I remember one of the happiest moments of my childhood: I was ten and attending Oklahoma City’s largest annual baseball card show. I walked the convention center with my buddy, stopping at booths manned by tubby man-children in ill-fitting replica jerseys, scanning their glass cases, thumbing through cardboard boxes, looking for anything cool. Then, in one booth, I spot my white whale: Darryl Strawberry’s 1982 Jackson Mets minor league card.
As a kid, I was a massive collector of everything. I had the biggest baseball card collection in the neighborhood. I collected comic books and action figures, vinyl and Wheaties boxes. There was even a regrettable pogs phase. All of this eventually segued into DVDs and classic movie posters and books on Alfred Hitchcock by the time I was in college. And then I became an adult, entered the real world and started collecting the ultimate passion of my life: drinking.
You can’t collect drinking, one might say. But beer geeks have a term for it: “ticking.” Ticking is a manic compulsion to try everything good, everything rare, even just an ounce. The word isn’t in the OED, but, if it were, the definition might include this sample sentence: “There was only a sip of Toppling Goliath’s KBBS left when I got to the bottle share, but at least I got the tick in.”
We tickers hit bottle shares and beer festivals and plow through dozens of tiny samples, counting our ticks like Wilt Chamberlain notched sexual conquests via Untappd check-ins—mostly just to say, “Yeah, I’ve had Tree House Good Morning. Sure, I’ve tried Focal Banger.”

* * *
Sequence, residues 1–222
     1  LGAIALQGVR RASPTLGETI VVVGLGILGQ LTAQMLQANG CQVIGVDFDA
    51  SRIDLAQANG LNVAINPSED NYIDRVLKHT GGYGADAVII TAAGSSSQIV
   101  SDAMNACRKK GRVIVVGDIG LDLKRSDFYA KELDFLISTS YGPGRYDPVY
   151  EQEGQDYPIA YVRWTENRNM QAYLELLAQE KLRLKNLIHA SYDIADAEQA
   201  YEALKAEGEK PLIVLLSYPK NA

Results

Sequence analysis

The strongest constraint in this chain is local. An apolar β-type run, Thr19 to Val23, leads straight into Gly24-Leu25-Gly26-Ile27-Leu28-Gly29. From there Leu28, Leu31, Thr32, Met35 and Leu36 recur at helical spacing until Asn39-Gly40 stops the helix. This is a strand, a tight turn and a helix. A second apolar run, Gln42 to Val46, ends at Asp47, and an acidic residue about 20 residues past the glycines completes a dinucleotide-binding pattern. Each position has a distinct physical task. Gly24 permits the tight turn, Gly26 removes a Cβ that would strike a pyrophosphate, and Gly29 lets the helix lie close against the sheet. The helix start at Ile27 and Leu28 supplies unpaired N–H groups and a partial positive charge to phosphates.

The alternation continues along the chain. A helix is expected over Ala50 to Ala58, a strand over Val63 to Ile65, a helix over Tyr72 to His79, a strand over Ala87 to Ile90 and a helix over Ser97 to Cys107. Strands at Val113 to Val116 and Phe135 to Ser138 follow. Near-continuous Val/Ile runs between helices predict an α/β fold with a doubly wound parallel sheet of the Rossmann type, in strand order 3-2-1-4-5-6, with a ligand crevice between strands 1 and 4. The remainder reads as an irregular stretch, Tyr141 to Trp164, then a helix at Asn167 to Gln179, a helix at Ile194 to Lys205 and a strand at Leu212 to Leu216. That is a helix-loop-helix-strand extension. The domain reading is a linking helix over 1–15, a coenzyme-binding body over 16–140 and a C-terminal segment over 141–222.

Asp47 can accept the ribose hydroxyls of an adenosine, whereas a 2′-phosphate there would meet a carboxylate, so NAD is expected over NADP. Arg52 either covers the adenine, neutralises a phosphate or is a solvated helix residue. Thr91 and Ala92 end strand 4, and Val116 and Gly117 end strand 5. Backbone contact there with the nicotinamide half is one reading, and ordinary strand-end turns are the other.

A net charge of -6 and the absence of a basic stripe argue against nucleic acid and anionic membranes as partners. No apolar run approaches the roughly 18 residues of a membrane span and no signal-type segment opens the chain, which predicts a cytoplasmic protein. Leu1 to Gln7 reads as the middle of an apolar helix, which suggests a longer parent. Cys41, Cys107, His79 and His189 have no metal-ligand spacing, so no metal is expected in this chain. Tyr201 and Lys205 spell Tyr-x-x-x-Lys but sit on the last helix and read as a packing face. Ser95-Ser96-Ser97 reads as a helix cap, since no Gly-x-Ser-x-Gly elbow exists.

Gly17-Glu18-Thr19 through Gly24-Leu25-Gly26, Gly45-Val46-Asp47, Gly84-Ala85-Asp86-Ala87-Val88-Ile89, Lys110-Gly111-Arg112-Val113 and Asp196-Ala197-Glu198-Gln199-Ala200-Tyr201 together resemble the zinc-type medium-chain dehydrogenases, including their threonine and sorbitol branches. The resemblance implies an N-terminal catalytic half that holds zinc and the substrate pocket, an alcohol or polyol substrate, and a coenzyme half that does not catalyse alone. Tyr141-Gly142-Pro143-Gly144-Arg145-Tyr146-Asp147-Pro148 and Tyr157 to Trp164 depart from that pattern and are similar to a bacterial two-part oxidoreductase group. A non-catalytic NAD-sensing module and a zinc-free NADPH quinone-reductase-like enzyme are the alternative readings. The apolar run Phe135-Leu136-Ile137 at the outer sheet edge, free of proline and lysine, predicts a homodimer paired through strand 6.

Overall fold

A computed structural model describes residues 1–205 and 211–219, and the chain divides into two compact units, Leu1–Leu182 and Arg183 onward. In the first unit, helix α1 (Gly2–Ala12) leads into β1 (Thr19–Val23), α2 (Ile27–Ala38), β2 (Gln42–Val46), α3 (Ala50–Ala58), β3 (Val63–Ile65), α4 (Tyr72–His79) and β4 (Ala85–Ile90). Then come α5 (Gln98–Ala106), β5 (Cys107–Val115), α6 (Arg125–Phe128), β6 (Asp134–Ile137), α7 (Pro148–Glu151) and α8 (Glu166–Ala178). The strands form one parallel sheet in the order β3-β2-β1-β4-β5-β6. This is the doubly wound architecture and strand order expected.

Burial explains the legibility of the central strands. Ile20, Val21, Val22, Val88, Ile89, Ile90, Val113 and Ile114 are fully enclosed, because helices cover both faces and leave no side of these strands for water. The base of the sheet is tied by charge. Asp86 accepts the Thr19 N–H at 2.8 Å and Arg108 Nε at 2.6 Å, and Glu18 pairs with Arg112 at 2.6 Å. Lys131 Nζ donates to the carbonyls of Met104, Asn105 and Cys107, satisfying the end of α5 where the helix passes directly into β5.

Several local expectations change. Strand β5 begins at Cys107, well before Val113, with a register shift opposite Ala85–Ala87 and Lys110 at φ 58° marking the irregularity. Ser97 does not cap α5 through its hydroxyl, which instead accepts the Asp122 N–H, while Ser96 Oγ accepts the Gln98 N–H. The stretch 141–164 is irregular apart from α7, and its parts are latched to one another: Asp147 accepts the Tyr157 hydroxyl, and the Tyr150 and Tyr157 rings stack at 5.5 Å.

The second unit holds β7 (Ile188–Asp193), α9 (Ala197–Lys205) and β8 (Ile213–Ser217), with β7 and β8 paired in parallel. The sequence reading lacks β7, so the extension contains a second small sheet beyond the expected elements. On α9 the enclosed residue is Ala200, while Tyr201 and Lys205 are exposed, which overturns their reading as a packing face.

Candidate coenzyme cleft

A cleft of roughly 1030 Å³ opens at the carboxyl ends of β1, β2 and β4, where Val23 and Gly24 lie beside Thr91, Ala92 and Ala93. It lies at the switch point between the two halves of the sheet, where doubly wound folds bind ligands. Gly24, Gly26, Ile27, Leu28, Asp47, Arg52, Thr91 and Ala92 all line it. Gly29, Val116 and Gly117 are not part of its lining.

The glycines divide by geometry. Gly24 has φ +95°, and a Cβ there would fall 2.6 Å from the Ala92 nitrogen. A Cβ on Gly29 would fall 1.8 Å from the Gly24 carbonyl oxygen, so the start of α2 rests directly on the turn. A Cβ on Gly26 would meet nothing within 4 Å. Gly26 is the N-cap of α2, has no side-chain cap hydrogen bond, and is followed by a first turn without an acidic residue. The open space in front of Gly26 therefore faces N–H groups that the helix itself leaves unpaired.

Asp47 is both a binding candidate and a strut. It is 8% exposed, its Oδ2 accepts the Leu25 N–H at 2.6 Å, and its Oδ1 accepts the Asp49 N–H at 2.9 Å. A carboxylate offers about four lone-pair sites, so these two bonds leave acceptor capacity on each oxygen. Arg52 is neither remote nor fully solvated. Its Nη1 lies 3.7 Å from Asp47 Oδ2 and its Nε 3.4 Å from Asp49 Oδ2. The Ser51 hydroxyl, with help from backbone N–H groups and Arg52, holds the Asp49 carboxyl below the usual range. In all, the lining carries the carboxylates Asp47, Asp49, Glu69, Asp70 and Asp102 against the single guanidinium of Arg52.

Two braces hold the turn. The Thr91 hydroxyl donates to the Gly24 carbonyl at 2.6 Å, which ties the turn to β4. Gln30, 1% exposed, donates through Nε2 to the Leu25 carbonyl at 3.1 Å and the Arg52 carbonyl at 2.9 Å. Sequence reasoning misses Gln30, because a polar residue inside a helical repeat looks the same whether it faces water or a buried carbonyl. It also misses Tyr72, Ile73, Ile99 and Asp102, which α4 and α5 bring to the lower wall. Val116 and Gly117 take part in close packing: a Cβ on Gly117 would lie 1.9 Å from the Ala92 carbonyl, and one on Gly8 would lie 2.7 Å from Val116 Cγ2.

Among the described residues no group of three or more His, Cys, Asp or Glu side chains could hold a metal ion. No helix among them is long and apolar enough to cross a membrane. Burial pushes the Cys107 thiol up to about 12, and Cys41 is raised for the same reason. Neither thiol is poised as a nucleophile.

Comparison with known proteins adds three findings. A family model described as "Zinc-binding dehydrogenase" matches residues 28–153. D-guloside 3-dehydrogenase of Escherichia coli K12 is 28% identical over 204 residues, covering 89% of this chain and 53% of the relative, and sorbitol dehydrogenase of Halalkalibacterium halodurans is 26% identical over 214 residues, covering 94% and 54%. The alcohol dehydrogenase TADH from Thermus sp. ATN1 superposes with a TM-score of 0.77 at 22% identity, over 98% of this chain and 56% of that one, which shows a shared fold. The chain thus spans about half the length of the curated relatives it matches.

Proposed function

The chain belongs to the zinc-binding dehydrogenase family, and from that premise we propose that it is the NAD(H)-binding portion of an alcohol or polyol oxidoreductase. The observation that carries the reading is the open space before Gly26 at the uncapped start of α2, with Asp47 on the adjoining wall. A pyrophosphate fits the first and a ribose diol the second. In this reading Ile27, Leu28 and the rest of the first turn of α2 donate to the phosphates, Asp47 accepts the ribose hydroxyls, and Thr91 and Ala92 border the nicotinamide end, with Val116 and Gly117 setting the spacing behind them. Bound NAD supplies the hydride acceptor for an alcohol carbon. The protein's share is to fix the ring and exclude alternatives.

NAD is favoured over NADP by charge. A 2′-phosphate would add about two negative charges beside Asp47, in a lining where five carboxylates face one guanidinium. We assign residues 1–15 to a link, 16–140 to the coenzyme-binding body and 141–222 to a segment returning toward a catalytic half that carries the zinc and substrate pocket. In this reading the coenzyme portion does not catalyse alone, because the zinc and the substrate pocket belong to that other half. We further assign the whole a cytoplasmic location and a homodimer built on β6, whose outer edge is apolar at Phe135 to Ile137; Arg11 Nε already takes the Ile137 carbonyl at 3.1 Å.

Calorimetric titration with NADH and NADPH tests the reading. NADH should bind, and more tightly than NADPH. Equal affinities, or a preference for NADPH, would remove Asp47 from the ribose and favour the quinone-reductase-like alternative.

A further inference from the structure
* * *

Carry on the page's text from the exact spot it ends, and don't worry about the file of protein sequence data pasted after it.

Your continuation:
Some might consider this kind of compulsive ticking to be some form of drinking problem. But I’m not an alcoholic; I’m a completist. How else am I going to know what’s best if I don’t try them all?
And I am certainly not alone: So prevalent is this silly behavior, a British documentary about tickers was released in 2009. “It’s a form of trainspotting,” explains one man in the film, somehow making it sound even nerdier than it already is.
When I visit a new city, it’s imperative that I hit every spot on both Draft and RateBeer‘s top beer bars lists. (And why not drop by every cocktail joint on the World’s 50 Best Bars rankings, too?) “This bar is great; why do we have to go to another bar that might not be?” my wife often wonders. A valid question, but as a collector of drinking experiences, I’d much rather learn an acclaimed bar sucks while ticking it off my list than spend the whole night enjoying myself at just one place.
This compulsive need of us beer geeks to collect, or tick, often mimics similar behaviors from childhood. Almost always, the beer geeks I know—usually men—obsessively collected something as a kid. One beer friend, Anthony, collected Starting Lineups and mini football helmets as a boy. Another, Derek, stockpiled GI Joe figures, while David amassed “Magic: The Gathering” decks. Joshua Hatton, co-founder of Single Cask Nation, used to collect guitar pedals.
I’m not an alcoholic; I’m a completist.
But unlike baseball cards in their hard plastic holders and comic books in their polypropylene bags—unable to ever be touched—alcohol is inherently meant to be unwrapped, popped, consumed and then trashed. It’s the rare collectible that’s completely ephemeral. Once consumed, it only exists in our memories (and that Untappd check-in). Perhaps that’s why so many of us are loathe to crack those special bottles gathering dust on our shelves. So we just keep acquiring more, the act of building a killer “cellar”—and the resulting braggadocio it affords us—becoming almost as fun as ever drinking the alcohol. In fact, it’s looking more and more like the only difference between beer geeks and wine collectors nowadays is that most people can still afford rare beer.